Violence and punishment are a constant presence in Andrei’s world. The contrast between the snowy, quiet landscapes of old Russia and the constant strife of the people who inhabit them lend a chaotic quality to the film. As much as he tries to do good, his efforts are stymied by the corruption of his society.

Solonitsyn’s performance as Andrei is characterized by a soundless intensity. Even at his most strident, it is the eyes and the set of his face that reveal the emotional turmoil Andrei feels.

In this film, Tarkovsky has recourse to images of water – flowing, sitting still, falling from the sky – with varying meanings. In one scene, Andrei has just encountered a pagan sex rite on St. John’s Eve and is tempted by a naked pagan woman. Back in the comparative spiritual safety of his traveling companions, he sees the woman trying to escape from soldiers as he floats down a river in a small boat. Cut off from nature, he drifts with his friends and a matronly companion who is paradoxically crushing two novice monks into her bosom to prevent them seeing the pagan lewdness.

Unfettered by church, state or convention, Andrei’s pagan temptress throws off her robe (somewhat gratuitously) and dives into the river to swim to freedom. Although Andrei does not follow her, it’s clear that this gesture has an impact on his later thinking.

In the end, Andrei finds redemption exactly where one might expect, in helping another individual keep his head above water.

Tarkovsky’s greatest triumph was his adaptation of Polish science fiction writer Stanislaw Lem’s novel “Solaris.” The film brings all of Tarkovsky’s themes together in its exploration of desire, faith, obsession and drift.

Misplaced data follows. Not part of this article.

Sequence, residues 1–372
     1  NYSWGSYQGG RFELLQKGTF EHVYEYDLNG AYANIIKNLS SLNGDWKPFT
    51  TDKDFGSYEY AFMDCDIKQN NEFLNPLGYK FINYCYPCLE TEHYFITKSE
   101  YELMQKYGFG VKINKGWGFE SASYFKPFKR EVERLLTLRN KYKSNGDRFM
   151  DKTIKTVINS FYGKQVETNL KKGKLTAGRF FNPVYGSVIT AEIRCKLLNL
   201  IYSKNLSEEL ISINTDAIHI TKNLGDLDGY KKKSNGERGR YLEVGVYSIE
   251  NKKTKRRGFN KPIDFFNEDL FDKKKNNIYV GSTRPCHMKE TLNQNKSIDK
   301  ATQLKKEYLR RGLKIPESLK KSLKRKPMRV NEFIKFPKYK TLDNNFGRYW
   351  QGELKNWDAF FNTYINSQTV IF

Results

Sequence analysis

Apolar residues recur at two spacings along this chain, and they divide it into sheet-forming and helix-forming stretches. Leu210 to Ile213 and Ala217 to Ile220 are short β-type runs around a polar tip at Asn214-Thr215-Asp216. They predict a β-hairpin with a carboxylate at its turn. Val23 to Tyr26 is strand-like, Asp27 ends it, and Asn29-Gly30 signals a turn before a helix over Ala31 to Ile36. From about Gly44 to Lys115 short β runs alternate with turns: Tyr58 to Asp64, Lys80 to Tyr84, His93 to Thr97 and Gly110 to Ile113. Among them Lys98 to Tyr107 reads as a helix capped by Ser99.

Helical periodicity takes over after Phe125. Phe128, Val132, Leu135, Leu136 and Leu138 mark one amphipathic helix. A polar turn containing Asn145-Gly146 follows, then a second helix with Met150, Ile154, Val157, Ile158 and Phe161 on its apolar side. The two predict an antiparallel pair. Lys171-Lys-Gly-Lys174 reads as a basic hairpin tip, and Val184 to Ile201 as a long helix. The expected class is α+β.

Donatas Banionis plays Kris Kelvin, a brooding psychologist sent to investigate the strange goings-on at a space station orbiting the ocean planet Solaris. We meet Kelvin at his father’s dacha in the countryside, where he spends his time gazing morosely at pond weeds and hanging out on the patio during rainstorms. A cosmonaut named Berton (played by Vladislav Dvorzhetsky) visits the house and plays Kelvin some video of his testimony before a committee on the strange deaths and disappearances that have plagued the station. Grumpily, Kelvin agrees to visit the station, even though it might mean that he never sees his family again.

Once onboard the creepily empty station, Kelvin finds that his friend Gibarian (Sos Sargsyan) is dead, a ranting warning video his legacy. The other two scientists, Dr. Snauth (Jüri Järvet) and Dr. Sartorius (Anatoli Solonitsyn) are insane and paranoid, respectively. They’ve probed the planet Solaris with radiation, and now the planet appears to be probing them.

The high weirdness kicks in when a manifestation of Kelvin’s dead wife Khari shows up, apparently real, but also invulnerable to pain and death. Kelvin is faced with a choice: Should he believe the comforting but logically impossible proposition that he is dealing with Khari, or cast her away as a ghost or demon?

Even when he has moved to accept the “guest” Khari as his own, Kelvin is tormented by the intangibility of his newfound happiness. Floating above the waterlogged sentient planet, he has everything and nothing within his grasp.

The films of Tarkovsky offer plenty of room for introspection. His entrancing, lingering shots hypnotize the viewer into a receptive state. When action comes, it does so not as ridiculous Hollywood explosions, but as the anticipated release at the end of a long period of dramatic build-up.

It is not that Tarkovsky didn’t offer resolutions; each of the aforementioned films have a definite end point. However, the main thing we can take away from his work is an appreciation for the beauty of drift and flow. All of our futile struggling in this world counts for little besides the ripples we create. Eventually, we must realize that the ripples will die away, and accept that it’s just us floating here on our own.